Some people think that, in times of crisis, to question is unpatriotic. The point of view is that dissent can “give ammunition to America's enemies and pause to America's friends” (Ashcroft, 2001, p. 7). This, however, is the essence of democracy—the lively discussion and debate of all ideas and the questioning of authority. Leaders who fear dissent need to realize that what the United States stands for is freedom of opportunity and expression, even to the point of defending those who would burn the U.S. flag and march in our streets carrying flags of our enemies.
An advertisement on buses in New York City says, “Skepticism is a Virtue.” Yes.
The late Isidore I. Rabi was a renowned nuclear scientist. In 1944 he won the Nobel Prize in Physics for his work on the electrical characteristics of the electron. During World War II, he worked on the Manhattan Project, helping to build the first atomic bombs.
Someone once asked him how he grew up to be a physicist. He answered:
My mother made me a scientist without ever intending it. Every other Jewish mother in Brooklyn would ask her child after school: “So? Did you learn anything today?” But not my mother. She always asked me a different question. “Izzy,” she would say, “did you ask a good question today?” That difference—asking good questions—made me become a scientist. (Sheff, 1988, p. A26)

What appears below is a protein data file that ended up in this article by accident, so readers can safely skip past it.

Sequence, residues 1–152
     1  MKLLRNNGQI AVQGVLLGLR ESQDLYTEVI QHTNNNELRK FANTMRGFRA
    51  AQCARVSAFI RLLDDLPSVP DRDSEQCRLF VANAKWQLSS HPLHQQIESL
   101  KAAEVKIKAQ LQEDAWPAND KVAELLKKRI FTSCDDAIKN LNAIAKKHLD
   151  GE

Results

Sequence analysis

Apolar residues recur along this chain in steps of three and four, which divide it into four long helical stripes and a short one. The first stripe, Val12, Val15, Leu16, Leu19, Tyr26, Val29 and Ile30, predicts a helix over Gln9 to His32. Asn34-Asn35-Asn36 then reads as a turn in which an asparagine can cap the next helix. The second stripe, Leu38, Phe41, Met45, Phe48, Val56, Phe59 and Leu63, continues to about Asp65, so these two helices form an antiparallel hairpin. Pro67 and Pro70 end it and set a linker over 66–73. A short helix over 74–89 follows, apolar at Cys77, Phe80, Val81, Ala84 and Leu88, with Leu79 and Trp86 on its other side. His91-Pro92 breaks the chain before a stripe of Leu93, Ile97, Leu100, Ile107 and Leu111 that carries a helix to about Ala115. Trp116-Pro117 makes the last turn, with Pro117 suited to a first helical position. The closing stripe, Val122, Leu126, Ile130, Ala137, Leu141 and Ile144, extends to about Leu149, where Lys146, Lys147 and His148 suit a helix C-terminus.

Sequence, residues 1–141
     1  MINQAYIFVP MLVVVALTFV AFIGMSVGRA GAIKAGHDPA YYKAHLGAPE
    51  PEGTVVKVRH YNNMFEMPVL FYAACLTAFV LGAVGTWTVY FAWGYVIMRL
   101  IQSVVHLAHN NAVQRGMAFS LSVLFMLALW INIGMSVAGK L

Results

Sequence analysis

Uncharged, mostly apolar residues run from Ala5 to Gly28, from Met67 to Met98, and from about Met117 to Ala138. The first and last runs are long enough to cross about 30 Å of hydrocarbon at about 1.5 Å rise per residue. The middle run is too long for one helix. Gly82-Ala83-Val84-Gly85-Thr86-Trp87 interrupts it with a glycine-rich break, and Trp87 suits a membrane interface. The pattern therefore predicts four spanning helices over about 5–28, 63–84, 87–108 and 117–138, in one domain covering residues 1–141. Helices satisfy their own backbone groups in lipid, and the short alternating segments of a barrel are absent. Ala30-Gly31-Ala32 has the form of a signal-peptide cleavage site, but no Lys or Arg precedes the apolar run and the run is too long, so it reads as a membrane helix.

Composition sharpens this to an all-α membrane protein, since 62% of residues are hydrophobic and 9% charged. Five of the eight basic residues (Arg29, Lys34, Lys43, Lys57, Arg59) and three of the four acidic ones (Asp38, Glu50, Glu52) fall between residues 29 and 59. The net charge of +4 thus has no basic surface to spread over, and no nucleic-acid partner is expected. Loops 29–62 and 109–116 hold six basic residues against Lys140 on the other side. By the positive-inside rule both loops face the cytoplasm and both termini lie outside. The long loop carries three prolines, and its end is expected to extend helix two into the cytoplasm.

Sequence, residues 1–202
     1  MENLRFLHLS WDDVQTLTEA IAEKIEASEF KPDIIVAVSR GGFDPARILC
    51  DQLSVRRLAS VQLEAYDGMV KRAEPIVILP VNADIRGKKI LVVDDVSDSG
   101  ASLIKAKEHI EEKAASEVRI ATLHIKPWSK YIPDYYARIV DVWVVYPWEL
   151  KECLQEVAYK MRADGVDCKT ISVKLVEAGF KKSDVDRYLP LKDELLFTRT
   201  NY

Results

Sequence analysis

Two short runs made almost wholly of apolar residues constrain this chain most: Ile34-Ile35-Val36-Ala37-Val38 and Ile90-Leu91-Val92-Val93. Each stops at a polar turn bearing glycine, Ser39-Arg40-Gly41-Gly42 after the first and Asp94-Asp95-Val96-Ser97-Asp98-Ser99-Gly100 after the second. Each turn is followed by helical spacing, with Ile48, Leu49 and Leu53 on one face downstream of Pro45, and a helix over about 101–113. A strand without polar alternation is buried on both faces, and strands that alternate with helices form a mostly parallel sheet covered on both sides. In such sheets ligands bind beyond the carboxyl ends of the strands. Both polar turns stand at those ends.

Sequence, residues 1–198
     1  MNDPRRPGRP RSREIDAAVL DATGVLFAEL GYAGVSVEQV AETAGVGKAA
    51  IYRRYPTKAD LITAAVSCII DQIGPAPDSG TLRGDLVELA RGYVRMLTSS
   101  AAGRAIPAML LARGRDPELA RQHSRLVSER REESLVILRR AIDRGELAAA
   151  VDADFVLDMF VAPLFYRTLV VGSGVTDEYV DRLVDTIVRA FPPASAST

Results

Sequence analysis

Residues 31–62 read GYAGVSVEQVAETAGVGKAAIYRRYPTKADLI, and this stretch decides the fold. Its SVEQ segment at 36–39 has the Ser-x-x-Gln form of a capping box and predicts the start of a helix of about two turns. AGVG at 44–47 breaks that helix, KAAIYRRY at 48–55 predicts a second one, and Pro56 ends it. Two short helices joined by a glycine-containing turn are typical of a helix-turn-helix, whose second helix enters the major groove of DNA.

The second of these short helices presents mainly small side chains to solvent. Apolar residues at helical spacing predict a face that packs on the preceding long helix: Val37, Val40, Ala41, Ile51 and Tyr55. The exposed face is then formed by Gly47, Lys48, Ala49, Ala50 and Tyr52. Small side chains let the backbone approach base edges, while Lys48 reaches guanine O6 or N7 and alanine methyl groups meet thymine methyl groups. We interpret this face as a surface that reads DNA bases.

Izzy's mother is really the reason why I am writing this book. She and Anatole France had the right idea. Curiosity should be the focus of education, and every day we should be challenged with novel experiences that beg us to pose wondrous sorts of questions.
But often our experiences with schooling do not reflect the concerns of Izzy's mother. We do not fashion our learning environments or our curricula to stimulate our children's curiosities. And very often, when they do raise fascinating questions, we have no strategies for incorporating them into our busy schedules made more demanding with the press to prepare for standardized tests that increasingly sap our instructional strength.